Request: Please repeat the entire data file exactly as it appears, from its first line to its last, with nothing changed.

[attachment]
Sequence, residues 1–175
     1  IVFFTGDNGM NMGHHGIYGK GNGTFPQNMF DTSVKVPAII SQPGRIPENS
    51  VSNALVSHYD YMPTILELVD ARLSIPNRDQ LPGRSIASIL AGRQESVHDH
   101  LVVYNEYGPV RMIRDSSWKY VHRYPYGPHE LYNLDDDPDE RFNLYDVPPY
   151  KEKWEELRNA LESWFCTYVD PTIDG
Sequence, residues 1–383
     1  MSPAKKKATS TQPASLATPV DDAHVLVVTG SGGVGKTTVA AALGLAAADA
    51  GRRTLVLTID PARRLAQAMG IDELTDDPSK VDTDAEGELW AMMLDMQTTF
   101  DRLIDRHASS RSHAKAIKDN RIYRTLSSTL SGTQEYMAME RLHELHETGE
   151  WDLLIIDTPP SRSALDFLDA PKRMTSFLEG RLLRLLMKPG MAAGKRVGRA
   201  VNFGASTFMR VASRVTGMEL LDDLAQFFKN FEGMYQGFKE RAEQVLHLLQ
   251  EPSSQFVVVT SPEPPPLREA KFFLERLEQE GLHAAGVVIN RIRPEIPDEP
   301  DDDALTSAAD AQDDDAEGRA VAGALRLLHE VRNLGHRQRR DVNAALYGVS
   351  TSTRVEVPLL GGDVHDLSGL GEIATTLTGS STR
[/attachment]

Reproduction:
Sequence, residues 1–175
     1  IVFFTGDNGM NMGHHGIYGK GNGTFPQNMF DTSVKVPAII SQPGRIPENS
    51  VSNALVSHYD YMPTILELVD ARLSIPNRDQ LPGRSIASIL AGRQESVHDH
   101  LVVYNEYGPV RMIRDSSWKY VHRYPYGPHE LYNLDDDPDE RFNLYDVPPY
   151  KEKWEELRNA LESWFCTYVD PTIDG
Sequence, residues 1–383
     1  MSPAKKKATS TQPASLATPV DDAHVLVVTG SGGVGKTTVA AALGLAAADA
    51  GRRTLVLTID PARRLAQAMG IDELTDDPSK VDTDAEGELW AMMLDMQTTF
   101  DRLIDRHASS RSHAKAIKDN RIYRTLSSTL SGTQEYMAME RLHELHETGE
   151  WDLLIIDTPP SRSALDFLDA PKRMTSFLEG RLLRLLMKPG MAAGKRVGRA
   201  VNFGASTFMR VASRVTGMEL LDDLAQFFKN FEGMYQGFKE RAEQVLHLLQ
   251  EPSSQFVVVT SPEPPPLREA KFFLERLEQE GLHAAGVVIN RIRPEIPDEP
   301  DDDALTSAAD AQDDDAEGRA VAGALRLLHE VRNLGHRQRR DVNAALYGVS
   351  TSTRVEVPLL GGDVHDLSGL GEIATTLTGS STR